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Local transit agency will test dual-drive model through June 30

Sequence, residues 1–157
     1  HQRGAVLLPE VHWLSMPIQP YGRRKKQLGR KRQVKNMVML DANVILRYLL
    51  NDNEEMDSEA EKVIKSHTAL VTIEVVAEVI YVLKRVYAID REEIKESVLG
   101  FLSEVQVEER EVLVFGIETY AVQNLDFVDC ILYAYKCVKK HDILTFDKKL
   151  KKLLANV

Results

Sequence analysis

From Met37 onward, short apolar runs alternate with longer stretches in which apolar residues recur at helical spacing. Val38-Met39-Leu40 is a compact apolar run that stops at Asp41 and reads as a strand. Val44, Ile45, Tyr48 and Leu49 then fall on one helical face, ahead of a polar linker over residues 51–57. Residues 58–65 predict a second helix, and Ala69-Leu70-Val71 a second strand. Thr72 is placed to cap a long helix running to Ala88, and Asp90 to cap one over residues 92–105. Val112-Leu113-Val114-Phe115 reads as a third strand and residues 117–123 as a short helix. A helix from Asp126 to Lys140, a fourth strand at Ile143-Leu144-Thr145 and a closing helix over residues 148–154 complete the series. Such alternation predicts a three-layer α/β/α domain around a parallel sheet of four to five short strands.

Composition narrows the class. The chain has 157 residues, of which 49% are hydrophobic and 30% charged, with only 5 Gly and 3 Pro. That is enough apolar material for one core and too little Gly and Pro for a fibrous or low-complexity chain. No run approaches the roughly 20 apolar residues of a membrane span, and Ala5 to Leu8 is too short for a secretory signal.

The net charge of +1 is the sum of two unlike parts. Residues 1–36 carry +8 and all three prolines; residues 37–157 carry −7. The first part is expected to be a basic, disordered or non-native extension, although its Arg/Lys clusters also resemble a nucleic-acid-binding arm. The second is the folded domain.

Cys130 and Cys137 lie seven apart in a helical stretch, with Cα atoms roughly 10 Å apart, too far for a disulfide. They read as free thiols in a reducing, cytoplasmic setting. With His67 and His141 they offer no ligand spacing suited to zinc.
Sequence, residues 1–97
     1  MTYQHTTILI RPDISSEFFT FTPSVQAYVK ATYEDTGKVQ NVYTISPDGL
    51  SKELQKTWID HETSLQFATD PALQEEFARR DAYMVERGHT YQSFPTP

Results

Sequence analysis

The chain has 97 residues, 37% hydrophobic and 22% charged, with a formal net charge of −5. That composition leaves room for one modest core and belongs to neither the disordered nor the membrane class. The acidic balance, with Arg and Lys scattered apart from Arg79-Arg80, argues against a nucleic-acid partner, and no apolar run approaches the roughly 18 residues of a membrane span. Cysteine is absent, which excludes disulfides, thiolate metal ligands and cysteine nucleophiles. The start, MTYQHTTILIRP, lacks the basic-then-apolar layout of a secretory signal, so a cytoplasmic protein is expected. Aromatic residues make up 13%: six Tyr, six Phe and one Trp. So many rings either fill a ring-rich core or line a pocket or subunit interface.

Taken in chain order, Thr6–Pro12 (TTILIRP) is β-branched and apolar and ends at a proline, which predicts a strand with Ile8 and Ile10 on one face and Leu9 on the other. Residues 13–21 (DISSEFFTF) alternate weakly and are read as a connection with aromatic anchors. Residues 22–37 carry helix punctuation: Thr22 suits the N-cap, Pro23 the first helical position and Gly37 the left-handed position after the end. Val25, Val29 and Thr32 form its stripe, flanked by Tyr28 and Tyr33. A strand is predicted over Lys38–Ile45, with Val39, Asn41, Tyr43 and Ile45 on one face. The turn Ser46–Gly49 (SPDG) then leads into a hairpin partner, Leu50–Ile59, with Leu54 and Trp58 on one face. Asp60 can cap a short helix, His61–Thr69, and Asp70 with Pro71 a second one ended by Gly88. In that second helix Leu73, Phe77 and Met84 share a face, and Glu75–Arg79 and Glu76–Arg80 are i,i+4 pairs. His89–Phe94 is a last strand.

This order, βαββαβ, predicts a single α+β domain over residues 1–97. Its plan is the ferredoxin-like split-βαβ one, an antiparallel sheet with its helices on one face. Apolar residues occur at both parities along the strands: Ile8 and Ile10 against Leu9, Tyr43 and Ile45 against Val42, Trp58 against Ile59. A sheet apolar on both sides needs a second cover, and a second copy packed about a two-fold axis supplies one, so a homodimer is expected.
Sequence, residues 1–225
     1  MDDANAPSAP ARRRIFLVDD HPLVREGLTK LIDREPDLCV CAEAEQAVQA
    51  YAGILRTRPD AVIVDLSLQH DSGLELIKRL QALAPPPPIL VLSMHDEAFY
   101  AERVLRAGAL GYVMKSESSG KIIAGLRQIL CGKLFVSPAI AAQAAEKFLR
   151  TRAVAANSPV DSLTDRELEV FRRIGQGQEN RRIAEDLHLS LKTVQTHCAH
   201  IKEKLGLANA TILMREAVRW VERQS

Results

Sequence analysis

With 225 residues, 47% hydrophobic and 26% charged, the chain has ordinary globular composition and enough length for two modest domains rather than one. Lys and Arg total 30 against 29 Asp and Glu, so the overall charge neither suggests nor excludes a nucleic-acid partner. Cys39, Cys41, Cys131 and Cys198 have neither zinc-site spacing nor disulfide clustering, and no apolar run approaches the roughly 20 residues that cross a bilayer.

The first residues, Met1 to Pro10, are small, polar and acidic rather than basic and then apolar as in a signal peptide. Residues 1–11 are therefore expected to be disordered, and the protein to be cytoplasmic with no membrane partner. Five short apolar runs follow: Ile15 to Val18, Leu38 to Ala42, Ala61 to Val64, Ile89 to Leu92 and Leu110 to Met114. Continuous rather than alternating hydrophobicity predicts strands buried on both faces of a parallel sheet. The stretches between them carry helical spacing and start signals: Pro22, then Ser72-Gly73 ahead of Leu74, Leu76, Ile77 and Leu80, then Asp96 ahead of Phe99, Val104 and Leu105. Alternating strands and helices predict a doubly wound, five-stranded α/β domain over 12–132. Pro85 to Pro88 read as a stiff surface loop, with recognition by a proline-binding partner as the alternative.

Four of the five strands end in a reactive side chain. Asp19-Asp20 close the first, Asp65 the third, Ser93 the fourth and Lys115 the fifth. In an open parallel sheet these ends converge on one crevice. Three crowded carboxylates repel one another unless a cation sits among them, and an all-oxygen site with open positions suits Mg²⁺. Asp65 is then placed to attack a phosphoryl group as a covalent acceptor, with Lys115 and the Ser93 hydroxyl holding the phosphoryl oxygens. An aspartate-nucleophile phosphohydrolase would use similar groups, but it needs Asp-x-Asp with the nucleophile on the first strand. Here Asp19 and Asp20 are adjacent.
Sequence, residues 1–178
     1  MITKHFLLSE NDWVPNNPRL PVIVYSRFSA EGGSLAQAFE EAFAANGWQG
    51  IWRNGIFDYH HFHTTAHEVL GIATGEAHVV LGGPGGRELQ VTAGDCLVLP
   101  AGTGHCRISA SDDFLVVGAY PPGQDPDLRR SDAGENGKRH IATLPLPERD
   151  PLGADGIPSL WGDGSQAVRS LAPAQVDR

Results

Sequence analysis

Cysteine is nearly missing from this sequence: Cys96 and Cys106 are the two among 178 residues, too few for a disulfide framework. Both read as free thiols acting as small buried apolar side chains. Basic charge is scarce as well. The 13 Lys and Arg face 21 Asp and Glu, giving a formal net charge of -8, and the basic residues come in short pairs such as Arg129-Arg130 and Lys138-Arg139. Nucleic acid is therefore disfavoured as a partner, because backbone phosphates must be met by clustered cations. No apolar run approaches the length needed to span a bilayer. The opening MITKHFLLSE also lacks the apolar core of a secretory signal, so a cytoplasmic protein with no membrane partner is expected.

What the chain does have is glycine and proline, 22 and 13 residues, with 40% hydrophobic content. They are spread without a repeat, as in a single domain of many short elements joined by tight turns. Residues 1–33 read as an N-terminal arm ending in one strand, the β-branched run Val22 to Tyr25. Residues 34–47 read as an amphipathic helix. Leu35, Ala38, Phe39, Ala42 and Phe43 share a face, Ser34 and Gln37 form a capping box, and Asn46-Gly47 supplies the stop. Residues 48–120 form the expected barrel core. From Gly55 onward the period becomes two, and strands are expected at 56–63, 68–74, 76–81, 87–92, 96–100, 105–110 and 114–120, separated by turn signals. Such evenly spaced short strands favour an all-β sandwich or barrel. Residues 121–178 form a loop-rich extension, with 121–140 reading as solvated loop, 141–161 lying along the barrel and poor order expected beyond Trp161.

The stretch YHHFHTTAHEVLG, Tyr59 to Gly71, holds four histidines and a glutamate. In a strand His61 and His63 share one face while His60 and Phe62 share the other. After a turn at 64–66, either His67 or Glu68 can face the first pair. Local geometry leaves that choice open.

Contact:Curtis Garner, Summit Stage Director, 970-668-4161Proterra, one of the leading manufacturers of battery-electric buses in the United States has given the Summit Stage an opportunity to test their most powerful model. The bus went into service Wednesday morning and it will be used on a different route every day throughout the trial period. The goal is both to test the vehicle in a high-Alpine environment and to gather as much driver and passenger feedback as possible as the Summit Stage looks for opportunities to decrease carbon emissions and increase efficiency.“One of our big questions is whether these buses have the range and power needed to operate in the mountains over the course of a long operating day,” says Curtis Garner, Transit Director. “This dual-drive unit is a bit different from the model the Town of Breckenridge tested earlier this year. It has two electric motors instead of one, and is also equipped with a larger battery array for longer range between charges.” This new test vehicle is touted to meet the goal of operating all day and recharging during the short window between 2:30am–5:30am when the buses are out of service.In response to strong community support for local climate action, earlier this year the Summit County Commissioners adopted a goal to achieve 100% of its energy consumption from renewable sources by 2035. Toward that end, the County is working collaboratively with local utility providers, Xcel Energy and Mountain Parks Electric, to achieve this goal. Summit County has also joined the Compact of Colorado Communities to collaborate with other Colorado elected officials and community and business leaders across the state, working to advance clean energy development, emissions reduction, and climate preparedness throughout Colorado communities. At the local level, there are a number of initiatives to transition to a low-carbon community that relies on the efficient use of renewable energy sources. This work is led by the Summit Climate Action Collaborative, a partnership with the local governments, businesses, ski areas, the school district, and other community partners. “Transitioning to cleaner public transit is a key component of the County’s renewable energy goals,” said County Commissioner Dan Gibbs. He added, “Besides the reduction in greenhouse gases, these buses are quiet and clean too, a big plus for our community.” Summit Stage has applied for a federal LONO grant (Low and No Emissions Vehicles) to help acquire an initial trial fleet of three electric buses, and if successful, begin a phased transition to eventual full electrification of Summit County’s transit fleet and other County fleet vehicles. Replacing large, diesel-powered buses with battery electric buses will reduce noise, vibration and emissions that adversely affect the rural, scenic, and environmental qualities that bring so many people to Summit County. Look for the battery-electric bus out in the community!For more information, contact Curtis Garner, Summit Stage Director, 970-668-4161.